The suicide notes are everywhere in Wallace's fiction. One of INFINITE JEST's protagonists, Hal Incandenza, said it best (and here I paraphrase, being without a copy of the book): "If I knew I had to feel this bad some time in the future for even a week, I would kill myself right now."
He was describing a plummet down the slippery walls of a deep dark well, a mood of total despair and emptiness.
D.T. Max wrote a beautiful biography. He enjoyed access to Wallace's family, friends, papers and letters. He was not worshipful. He describes Wallace's life as one in which not much happened outside the events of his literary world. He taught MFA classes in a handful of universities. He got the McArthur Grant, won other lucrative prizes and did not have to worry about money. He was too shy and reclusive to enjoy fame or publicity. He didn't like parties and dreaded interviews and television appearances. He was a private man who was very careful about establishing deep bonds of friendship and devotion. His best friends, it seems, were his dogs. At the time of his death he was recently married. He was only forty six years old. He was just beginning what may have been the best time of his life.
I repeat...it is so sad.
Wednesday, April 23, 2014
Twelve Years A Slave: A Review
The making of this film, TWELVE YEARS A SLAVE, must have been more like a mission than like a job. It brings us a new perception of pre-Civil War slavery and gives us a look into the psychology of both slaves and slave owners. The tragic face and huge eyes of Chiwetel Ejiofor dominate the screen as Solomon Northup. His characerization rings true and brings us to believe in his dignity and his suffering.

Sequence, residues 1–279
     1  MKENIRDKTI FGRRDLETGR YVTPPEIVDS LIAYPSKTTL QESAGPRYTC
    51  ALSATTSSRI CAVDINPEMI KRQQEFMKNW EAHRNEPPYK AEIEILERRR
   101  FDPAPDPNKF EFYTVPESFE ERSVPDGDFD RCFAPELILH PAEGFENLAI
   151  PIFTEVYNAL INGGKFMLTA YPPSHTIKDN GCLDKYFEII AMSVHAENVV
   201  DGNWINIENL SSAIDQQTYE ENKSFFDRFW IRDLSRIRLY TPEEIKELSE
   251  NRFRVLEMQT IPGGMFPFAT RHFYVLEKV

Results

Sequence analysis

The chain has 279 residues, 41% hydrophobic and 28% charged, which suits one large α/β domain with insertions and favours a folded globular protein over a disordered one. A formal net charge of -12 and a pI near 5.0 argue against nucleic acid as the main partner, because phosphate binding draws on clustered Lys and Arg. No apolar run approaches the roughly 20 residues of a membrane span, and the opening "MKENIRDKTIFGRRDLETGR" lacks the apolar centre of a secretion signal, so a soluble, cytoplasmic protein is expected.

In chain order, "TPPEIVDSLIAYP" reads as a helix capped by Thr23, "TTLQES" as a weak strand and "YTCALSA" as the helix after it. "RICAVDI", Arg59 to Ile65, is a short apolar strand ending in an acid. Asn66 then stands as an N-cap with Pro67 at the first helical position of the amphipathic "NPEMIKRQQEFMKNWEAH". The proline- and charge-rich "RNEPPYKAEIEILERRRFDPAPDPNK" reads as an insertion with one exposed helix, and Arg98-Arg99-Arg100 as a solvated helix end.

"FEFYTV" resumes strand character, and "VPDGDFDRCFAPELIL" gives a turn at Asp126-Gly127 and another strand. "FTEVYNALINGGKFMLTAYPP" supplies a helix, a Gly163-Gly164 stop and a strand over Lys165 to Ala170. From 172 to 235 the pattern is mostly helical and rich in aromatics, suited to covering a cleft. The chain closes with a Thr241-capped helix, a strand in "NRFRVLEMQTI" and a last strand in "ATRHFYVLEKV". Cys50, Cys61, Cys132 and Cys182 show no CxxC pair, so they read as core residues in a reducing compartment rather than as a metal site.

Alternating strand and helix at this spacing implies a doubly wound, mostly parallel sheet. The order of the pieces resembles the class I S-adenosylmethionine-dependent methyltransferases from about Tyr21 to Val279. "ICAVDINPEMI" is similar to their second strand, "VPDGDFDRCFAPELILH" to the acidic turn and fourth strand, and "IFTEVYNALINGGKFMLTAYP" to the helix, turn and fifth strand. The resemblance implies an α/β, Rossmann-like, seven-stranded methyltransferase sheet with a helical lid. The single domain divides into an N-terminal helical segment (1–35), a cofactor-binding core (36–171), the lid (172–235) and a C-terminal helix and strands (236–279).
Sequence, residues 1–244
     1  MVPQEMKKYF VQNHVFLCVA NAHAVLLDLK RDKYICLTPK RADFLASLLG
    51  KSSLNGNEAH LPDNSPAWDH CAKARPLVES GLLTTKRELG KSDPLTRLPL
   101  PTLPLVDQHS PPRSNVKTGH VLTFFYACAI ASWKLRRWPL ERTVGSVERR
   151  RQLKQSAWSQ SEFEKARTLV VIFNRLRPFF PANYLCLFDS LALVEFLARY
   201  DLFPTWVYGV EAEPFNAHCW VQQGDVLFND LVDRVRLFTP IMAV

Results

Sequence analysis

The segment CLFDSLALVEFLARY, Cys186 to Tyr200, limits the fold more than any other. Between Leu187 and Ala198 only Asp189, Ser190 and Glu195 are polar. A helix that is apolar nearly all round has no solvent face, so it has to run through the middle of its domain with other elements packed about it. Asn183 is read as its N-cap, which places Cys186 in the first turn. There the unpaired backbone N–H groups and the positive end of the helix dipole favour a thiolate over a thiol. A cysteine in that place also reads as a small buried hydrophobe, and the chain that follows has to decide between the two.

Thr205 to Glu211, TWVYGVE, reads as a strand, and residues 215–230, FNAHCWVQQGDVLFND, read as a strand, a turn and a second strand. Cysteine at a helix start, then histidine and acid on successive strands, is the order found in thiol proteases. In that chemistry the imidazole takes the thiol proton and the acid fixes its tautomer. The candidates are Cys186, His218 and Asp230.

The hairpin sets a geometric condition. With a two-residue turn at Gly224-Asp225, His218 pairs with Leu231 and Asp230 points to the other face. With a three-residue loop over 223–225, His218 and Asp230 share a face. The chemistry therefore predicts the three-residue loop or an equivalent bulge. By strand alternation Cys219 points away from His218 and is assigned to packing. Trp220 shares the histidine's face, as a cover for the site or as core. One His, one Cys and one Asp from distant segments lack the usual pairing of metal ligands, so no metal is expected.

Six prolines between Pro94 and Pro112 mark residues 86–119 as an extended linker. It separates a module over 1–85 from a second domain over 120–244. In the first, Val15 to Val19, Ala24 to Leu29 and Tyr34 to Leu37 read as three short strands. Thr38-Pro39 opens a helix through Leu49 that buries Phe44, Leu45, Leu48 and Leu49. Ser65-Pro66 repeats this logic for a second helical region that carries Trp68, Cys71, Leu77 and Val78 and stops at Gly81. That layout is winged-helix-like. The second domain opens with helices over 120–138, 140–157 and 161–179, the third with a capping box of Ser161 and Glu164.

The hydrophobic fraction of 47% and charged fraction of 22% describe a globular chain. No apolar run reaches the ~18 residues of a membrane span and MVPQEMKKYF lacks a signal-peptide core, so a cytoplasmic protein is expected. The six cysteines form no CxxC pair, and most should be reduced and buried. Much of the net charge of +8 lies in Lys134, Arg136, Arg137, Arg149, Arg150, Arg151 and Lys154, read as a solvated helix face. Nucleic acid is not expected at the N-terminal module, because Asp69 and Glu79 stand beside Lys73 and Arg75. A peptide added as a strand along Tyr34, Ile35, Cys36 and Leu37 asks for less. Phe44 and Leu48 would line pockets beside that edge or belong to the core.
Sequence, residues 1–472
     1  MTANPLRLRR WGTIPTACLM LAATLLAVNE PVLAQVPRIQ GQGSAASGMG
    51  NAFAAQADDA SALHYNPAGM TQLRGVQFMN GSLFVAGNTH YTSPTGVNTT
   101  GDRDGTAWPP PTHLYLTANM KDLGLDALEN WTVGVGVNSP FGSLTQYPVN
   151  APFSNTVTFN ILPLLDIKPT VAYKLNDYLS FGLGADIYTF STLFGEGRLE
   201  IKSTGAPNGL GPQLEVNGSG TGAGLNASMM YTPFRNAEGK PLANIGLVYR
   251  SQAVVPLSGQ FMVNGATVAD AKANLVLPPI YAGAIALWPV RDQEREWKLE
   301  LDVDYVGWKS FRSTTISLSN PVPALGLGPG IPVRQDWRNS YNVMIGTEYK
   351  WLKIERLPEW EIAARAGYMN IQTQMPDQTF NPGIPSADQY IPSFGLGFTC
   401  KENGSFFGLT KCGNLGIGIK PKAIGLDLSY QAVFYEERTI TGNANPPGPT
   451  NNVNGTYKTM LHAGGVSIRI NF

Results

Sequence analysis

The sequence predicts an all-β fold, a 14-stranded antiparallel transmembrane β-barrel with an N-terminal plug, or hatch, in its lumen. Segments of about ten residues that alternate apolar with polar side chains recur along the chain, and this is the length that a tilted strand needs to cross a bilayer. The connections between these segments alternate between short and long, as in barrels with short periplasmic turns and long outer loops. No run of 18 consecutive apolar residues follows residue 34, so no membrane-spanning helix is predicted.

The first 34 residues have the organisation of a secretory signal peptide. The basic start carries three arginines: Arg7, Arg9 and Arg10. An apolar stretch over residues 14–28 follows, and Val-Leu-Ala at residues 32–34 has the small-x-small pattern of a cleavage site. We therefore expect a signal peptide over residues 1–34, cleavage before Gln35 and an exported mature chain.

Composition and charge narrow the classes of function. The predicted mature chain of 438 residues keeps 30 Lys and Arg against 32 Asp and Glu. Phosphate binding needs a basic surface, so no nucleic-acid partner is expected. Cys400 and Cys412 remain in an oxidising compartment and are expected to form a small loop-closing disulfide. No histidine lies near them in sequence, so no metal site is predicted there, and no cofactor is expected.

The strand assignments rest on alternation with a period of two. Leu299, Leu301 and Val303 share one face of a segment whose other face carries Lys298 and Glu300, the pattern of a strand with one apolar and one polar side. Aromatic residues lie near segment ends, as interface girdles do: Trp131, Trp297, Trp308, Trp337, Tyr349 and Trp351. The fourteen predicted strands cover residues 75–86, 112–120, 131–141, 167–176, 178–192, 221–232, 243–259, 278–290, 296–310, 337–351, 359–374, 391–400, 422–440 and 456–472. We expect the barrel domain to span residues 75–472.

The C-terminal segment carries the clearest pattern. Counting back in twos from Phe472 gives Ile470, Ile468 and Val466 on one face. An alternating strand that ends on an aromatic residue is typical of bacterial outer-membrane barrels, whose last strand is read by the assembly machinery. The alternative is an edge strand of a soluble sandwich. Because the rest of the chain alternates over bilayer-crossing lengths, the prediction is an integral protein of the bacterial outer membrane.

The human mind is capable of rationalizing absolutely anything. If an activity or institution is profitable, people will accept grotesque intellectual distortions in order to make that activity seem moral and desirable. People believed ardently in Adolph Hitler. Pol Pot's gunmen cleaned up Kampuchea (Cambodia) in the name of Year Zero ideology. Slavery, genocide, mass rape have repeatedly been rationalized into sweetly benign activities, ostensibly for the benefit of society. American racism is a rationalization. Slavery was a product of that rationalization. The fuel for this rationalization was the staggering profitability of purchasing human beings and working them without mercy for the rest of their lives. Slaves were the wealth of the South. The Civil War was fought to protect that wealth. This film examines the brutality of slavery but it also reveals important aspects of slavery's impact not just on slaves but on those who did the enslaving.
The film TWELVE YEARS A SLAVE intends to shock the audience but carefully weighs the degree of shock to keep the audience from recoiling. It's brutal but tolerable within the story's context.
Solomon Northup was an upper middle class freedman in Saratoga, New York. When he accepted an offer of a lucrative short term job away from home he made a fateful error in judgment. He put himself in the hands of white men that he didn't know. After dinner and drinks at a restaurant, Solomon awoke in chains, stripped of papers, identity, rights, stripped of his humanity. He was shipped south into 1840s plantation slavery. It took him twelve years to find an opportunity to get a message to his friends and family. Twelve years of the most brutal slavery passed before a brave man risked his life to carry Solomon's message.